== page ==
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SAT And ACT Prep: Helping Your Teenager

As a parent, standardized tests like the SAT and ACT may be a distant memory. You may remember taking those tests to get into college years ago, and now that your own teenager is ready to take them you might wonder if anything you do can help. Luckily, there are specific things a parent can assist with when SAT and ACT time comes around. Try these steps: 

Get Started Early

Your teenager, like many others, has all kinds of things which fill their schedule. Between their regular classes, clubs, sports and social lives it can seem impossible to do anything else. However, starting SAT or ACT prep early can provide enough time for adequate preparation. For instance, having a few flash cards with "SAT words" or doing a few math problems each weekend is possible for most students.  As their parent, you can encourage an early start so that they aren't cramming the week before their test.

Hire Tutors

You probably already know whether your child is performing well in English and Math, the two topics covered by the standard ACT or SAT. For many students, math is particularly difficult, and the best way to encourage strong scores is to hire a math tutor. A math tutor experienced in preparing students for the SAT an ACT can evaluate where your teenager's weaknesses are and improve their understanding of those topics. This can alleviate a lot of stress for your teen; these tests measure knowledge over a broad range of topics, and being able to cover each with a tutor can make them less afraid of going in for their test.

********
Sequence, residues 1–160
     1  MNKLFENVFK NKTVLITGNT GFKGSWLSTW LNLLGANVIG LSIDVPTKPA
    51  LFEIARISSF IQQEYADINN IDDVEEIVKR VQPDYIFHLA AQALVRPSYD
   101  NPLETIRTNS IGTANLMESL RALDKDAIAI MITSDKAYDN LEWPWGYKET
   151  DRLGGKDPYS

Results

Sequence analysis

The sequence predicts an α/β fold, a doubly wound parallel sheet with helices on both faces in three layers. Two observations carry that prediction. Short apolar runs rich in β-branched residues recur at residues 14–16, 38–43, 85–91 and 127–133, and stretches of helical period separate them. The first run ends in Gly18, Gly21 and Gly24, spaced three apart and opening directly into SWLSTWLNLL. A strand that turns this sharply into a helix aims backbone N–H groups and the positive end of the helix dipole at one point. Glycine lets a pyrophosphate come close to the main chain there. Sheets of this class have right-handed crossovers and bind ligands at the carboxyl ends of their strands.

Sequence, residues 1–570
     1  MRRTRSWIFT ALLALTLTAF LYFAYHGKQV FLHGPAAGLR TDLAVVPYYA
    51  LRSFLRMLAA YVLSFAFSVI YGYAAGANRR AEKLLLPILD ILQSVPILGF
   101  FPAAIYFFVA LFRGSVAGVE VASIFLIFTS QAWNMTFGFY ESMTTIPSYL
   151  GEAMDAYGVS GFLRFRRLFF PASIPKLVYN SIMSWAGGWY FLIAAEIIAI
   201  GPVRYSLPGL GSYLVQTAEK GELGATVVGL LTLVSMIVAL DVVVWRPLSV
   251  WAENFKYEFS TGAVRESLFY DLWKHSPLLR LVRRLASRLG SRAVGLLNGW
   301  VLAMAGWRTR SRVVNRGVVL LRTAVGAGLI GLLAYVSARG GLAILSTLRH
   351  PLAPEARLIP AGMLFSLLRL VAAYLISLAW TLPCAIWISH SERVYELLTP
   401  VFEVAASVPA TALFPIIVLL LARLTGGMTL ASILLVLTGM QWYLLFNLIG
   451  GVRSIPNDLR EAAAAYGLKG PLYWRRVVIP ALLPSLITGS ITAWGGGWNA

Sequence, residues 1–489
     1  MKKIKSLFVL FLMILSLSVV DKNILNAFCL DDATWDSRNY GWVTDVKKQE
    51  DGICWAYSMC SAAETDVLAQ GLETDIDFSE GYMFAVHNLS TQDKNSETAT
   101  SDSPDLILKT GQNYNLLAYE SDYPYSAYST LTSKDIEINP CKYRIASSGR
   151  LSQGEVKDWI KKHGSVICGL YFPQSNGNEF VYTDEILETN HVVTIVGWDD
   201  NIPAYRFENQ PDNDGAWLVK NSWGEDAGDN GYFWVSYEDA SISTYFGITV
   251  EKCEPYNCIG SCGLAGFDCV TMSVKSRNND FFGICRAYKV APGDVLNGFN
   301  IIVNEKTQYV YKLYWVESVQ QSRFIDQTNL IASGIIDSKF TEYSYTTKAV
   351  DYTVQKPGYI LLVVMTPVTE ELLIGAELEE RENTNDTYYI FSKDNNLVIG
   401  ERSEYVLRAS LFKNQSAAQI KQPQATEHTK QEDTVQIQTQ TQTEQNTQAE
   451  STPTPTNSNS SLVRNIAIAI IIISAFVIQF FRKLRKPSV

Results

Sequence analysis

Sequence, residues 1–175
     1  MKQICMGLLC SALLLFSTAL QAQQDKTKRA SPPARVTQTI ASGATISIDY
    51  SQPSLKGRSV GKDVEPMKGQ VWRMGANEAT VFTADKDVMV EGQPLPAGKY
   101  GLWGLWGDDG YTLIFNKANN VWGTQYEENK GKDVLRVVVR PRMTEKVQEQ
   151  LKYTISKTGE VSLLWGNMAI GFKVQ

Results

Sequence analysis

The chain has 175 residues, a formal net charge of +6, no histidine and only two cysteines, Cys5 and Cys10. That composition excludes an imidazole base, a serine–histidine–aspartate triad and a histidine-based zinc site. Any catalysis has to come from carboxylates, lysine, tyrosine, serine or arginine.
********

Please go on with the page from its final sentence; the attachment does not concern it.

Avoid Comparisons

ACT and SAT scores are important to college applications, and your child already knows that. Don't make them nervous by comparing them to you, their siblings or anyone else. Avoid bringing up an older sibling's scores and implying that they should meet or surpass those scores. Every student is different, and your child doesn't need that added pressure.

Be Encouraging

Do your best not to berate your child for not preparing as much as you feel they should. Instead, offer encouragement and remind them that they can sit multiple times for the ACT or SAT. Be as supportive and encouraging as possible so that they don't feel the strain of having to impress you with their scores.

Your teenager's college entrance exams can be stressful for them and the family. Hire tutors, provide encouragement, and encourage them to start prepping early so they can earn the best scores possible